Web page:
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WHEN the first European settlers came to North America they were not shy about digging up the graves of their Indian predecessors on the continent. As they generally found no great wealth in these burials, the motivation for their digging was probably mostly curiosity and a need to level their farmland. In 1798 the first permanent settlers from the east arrived in the Western Reserve of Ohio. They began to clear the forests along the southern shore of Lake Erie, and in the process found numerous ancient earthen structures and almost everywhere the finely made spear points and other artifacts of a long forgotten and once populous native society, a people obviously quite different from the Massasauga Indians then living in that country.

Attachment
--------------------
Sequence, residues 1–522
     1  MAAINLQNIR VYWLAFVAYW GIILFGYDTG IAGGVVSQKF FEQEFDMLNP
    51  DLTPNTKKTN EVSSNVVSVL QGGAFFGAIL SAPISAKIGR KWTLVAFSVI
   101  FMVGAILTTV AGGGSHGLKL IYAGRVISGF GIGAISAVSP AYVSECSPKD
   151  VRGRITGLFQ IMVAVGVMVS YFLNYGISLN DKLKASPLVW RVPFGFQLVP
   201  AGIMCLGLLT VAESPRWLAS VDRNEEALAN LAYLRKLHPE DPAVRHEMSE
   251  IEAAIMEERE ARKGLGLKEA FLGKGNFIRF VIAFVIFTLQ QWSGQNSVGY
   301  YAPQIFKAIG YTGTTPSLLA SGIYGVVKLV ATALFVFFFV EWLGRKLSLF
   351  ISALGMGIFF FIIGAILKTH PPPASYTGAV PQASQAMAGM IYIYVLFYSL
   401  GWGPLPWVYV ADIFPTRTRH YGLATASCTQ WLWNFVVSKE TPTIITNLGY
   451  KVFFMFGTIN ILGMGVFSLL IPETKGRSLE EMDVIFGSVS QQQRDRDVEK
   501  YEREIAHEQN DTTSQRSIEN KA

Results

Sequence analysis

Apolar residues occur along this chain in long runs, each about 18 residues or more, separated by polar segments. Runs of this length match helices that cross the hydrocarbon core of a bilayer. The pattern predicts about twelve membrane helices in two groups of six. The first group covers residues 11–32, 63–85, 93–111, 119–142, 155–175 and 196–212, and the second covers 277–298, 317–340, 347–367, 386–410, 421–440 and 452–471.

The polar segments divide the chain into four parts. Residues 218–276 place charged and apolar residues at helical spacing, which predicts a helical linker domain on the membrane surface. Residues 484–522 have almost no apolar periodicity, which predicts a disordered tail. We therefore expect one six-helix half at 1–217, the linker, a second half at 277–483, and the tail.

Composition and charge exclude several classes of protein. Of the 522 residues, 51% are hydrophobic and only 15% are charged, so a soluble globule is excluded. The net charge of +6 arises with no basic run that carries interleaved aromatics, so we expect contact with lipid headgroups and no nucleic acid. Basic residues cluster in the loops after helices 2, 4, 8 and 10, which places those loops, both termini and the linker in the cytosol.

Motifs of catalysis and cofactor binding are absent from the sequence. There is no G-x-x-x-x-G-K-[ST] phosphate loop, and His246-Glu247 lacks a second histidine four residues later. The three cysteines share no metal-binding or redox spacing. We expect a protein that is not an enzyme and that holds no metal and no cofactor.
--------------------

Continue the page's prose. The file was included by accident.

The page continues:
Perhaps it was because he was a single young man with plenty of energy, or perhaps it was because his choice for a homestead included a large “mound-builder” burial ground — whatever the reasons may have been, Aaron Wright has gone down in the history books as the discoverer of the “Conneaut Giants,” the unusually large-boned ancient inhabitants of Ashtabula Co. The mounds that were situated in the eastern part of what is now the village of Conneaut and the extensive burying ground near the Presbyterian Church, appear to have had no connection with the burying places of the Indians. They doubtless refer to a more remote period and are the relics of an extinct race, of whom the Indians had no knowledge. These mounds were of comparatively small size, and of the same general character of those that are widely scattered over the country.